Of course that kind of sentence in the beginning of a conspiracy theory doesn't make any sense. It doesn't prove anything relevant. It's not like the theory becomes more true if more people believe in it.

    Also the percentage itself is always very dubious. It may be completely fabricated or exaggerated by interpreting the poll results conveniently (eg. one easy way for ***ping up the percentage is to interpret all people who didn't answer or who didn't know what to say as "doubting the official story"). Even if it was a completely genuine number, it would still not be proof of anything else than that there's a certain amount of gullible people in the world.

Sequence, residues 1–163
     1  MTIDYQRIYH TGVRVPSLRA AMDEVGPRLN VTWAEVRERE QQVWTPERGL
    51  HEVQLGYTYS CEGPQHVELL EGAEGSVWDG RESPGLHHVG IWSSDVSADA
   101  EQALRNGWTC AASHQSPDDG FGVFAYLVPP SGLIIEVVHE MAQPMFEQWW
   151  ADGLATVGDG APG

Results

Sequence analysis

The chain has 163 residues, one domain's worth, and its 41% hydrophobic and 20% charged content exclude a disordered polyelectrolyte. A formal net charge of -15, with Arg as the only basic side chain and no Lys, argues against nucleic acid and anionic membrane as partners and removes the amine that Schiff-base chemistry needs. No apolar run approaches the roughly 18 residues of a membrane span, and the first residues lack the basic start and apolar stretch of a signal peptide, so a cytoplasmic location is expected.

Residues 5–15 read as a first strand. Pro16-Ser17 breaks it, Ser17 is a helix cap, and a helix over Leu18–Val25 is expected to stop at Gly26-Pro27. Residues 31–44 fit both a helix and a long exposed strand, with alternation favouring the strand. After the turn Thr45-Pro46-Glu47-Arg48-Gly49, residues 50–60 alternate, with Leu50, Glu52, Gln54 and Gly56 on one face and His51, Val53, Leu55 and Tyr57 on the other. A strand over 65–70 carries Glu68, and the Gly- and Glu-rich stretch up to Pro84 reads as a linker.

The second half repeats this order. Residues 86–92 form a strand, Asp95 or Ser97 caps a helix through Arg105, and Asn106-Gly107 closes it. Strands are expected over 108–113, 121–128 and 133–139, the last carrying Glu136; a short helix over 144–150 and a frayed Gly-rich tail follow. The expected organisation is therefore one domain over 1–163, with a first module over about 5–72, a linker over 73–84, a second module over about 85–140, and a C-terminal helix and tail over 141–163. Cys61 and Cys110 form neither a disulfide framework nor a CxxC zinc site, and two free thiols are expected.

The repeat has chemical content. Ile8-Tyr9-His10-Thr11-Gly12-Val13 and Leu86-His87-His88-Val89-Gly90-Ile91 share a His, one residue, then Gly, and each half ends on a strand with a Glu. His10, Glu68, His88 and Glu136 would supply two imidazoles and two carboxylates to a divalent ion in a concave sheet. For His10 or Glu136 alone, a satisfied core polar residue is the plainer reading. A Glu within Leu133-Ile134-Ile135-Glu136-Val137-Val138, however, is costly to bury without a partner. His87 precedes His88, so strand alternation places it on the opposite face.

That kind of sentence is not proof of anything, yet it's one of the most used sentences in conspiracy theories. It tries to appeal to the bandwagon effect. It's effectively saying: "Already this many people doubt the official story, and the numbers are increasing. Are you going to be left alone believing the official story?"
    Appeal to rebellion

    Conspiracy theories in general, and the "n% of people doubt the story" claims in particular, also appeal to a sense of rebellion in people.

    As Wikipedia puts it, "a rebellion is, in the most general sense, a refusal to accept authority."

    People don't want to be sheeps who are patronized by authority and told what they have to do and how they have to think. People usually distrust authorities and many believe that authorities are selfish and abuse people for their own benefit. This is an extremely fertile ground for conspiracy theories.

    This is so ingrained in people that a sentence like "the official story" has basically become a synonym for "a coverup/lie". Whenever "the official story" is mentioned, it immediately makes people think that it's some kind of coverup, something not true.